Left 4 Dead, Resident Evil and several other games have cemented zombies into a sub-genre for survival horror gaming just as Romero managed to pull off with cinema. Yet, something always felt like it was missing. Sure, us gamers had our Night of the Living Dead equivalents with games like Valve’s cult classic and hell, we’ve even had our version of campy Return of the Living Dead type of horror with last year’s Resident Evil 6 or House of the Dead: Overkill. But when would we get our character studies, our 28 Days Later that mixed brutality with extensive character development and equally interesting set pieces. Telltale Games’ The Walking Dead delivered the emotional goods but left fans wanting when it came to gameplay, and that’s where Naughty Dog comes in.
The Last of Us, released on June 14, is a game that I believe will be thought of as a turning point for gaming. Oh, and it’s fun.
You play as Joel, a survivor who isn’t uncomfortable with the idea of getting down and dirty to survive. Your task? Deliver 14 year old Ellie from the safety of the Boston quarantine zone to just outside city limits so that she can be picked up by local anti-military militia, the Fireflies. Of course it’s not that easy, and of course things don’t go exactly as planned.
You face two immediate threats. First, the zombies, which are humans infected by a fictionalized strain of the real cordyceps fungus (though the real-life version can only infect ants) and come in multiple different flavors, each more terrifying and threatening than the last. Second, hunters that seek to kill in order to get the supplies that they need, and sometimes for fun.
From a gameplay perspective, the game is fun, brutal and bolstered by smart AI. A scenario that caught me off guard occurred during the game’s first act. After being encouraged to sneak past a gang of three hunters who linger in front of a department store, I decide to take them head on, first with sheer firepower. Two of the hunters wield pistols of their own, the third (unarmed) realizes he’s outmatched and runs behind cover. After his two friends perish in a hail of gunfire, he hears my pistol click empty. He bellows a feral shout, part predatory, part joy and attempts to beat me the ol’fashioned way. Little did he know about the pipe strapped to my back which after a couple of brutal (this point exclaimed by Ellie who shouts “Oh my god Joel!” after the climactic strike) hits destroys the man’s face. After the battle, I decide it’s time to continue on, and the moment I enter the department store I realize my mistake. Another goon begins to choke me out from behind, but Ellie quickly tosses a brick at his head. After I manage to strike him down with the wrath of my pipe, I realize that his six other friends might have something to say about it…
The game’s tight, and sleek controls help the combat system and the crafting system adds to the feel that Joel is a scavenger and the world is a scavenger’s playground at this point.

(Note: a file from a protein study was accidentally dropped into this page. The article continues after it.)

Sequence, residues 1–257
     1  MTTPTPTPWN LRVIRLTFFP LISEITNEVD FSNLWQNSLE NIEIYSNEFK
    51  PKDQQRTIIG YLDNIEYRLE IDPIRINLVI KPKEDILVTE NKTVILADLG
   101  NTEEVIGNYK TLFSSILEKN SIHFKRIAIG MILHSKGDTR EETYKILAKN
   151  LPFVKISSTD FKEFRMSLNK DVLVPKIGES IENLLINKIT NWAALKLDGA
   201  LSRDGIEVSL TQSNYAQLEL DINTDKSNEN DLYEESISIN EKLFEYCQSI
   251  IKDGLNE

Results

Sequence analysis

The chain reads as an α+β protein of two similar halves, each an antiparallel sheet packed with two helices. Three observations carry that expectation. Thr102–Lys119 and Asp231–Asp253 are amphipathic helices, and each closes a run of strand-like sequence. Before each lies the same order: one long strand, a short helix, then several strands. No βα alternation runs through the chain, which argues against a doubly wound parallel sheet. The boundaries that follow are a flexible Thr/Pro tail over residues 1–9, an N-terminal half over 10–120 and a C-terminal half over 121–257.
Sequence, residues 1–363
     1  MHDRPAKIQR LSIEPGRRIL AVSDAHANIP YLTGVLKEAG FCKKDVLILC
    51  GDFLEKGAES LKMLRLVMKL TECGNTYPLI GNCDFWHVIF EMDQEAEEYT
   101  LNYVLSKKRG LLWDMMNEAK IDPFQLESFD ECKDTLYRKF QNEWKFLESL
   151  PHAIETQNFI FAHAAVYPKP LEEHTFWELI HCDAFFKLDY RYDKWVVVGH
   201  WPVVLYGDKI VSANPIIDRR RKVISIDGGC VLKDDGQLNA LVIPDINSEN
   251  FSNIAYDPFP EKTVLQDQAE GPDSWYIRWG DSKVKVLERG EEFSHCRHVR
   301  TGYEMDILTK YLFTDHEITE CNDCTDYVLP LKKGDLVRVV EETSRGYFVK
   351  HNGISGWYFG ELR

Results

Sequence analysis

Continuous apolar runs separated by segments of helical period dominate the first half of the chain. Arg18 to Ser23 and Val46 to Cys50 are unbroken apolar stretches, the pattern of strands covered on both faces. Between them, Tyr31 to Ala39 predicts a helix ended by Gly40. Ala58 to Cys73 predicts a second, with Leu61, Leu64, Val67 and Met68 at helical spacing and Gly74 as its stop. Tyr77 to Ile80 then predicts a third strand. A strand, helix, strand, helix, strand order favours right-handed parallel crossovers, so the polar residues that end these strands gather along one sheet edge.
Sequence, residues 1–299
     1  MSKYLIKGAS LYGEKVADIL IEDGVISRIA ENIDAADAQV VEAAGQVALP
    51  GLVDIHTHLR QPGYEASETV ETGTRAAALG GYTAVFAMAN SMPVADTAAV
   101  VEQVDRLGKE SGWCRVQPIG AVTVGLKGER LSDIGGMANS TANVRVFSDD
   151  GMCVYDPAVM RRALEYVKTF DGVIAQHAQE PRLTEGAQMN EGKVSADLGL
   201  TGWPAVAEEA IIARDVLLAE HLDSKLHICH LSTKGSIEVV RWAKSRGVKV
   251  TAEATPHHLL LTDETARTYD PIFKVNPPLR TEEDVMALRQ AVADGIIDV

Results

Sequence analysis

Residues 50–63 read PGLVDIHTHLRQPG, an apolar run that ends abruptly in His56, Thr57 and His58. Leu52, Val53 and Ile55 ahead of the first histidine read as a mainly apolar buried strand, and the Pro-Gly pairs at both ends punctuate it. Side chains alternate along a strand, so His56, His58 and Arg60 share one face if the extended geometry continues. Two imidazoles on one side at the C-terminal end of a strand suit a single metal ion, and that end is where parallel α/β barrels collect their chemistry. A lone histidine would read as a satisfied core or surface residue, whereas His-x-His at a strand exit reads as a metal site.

The sounds of the game cover a range of emotion, from fresh and relaxing, to the intense fervor that accompanies imminent attack. Composer Gustavo Santaolalla showcases the skills that guided him to two Academy Awards. Past the actual soundtrack, the voice-acting by Troy Baker (fresh of a magnificent performance as Booker DeWitt in spring’s Bioshock Infinite) and Ashley Johnson is original and always welcome, with the least amount of recycled lines possible.
The Last of Us also comes with a multiplayer that seemed to be a tacked-on addition, but it adds legs to an already strong game. The two game modes Supply Raid (4 on 4 deathmatch with an emphasis on scavenging and crafting) and Survivor (4 on 4 deathmatch with no respawns) either lead to all-out 10 minute shootouts, sneaking/flanking escapades that leave chilling silent moments as you search for items or a crazy mixture of the two.
Ellie tells me she can’t swim, but the only way across the area in-front of me involves an impromptu lesson in aquatics. I eventually find something she’s able to cross on, and after she gets to the other side, and I climb up onto the ledge beside her, a small triangle hovers over Ellie’s head as she raises her hand up. I hi-five her and she comments on it, and I think that’s one of the things in the game, the small things that shows why Naughty Dog are one of the premier developers heading into the next console generation.
To end off this review, to call The Last of Us the game of the year would be insulting to it, as its quite better than any other game I’ve played this decade. Hell, its plot which is rich with development and emotions and raw intensity is better than quite a few films I’ve seen this decade either. The Last of Us reads more like a promise if anything, or even a manifesto. A promise for changes to come, and a future for gaming that can’t arrive soon enough.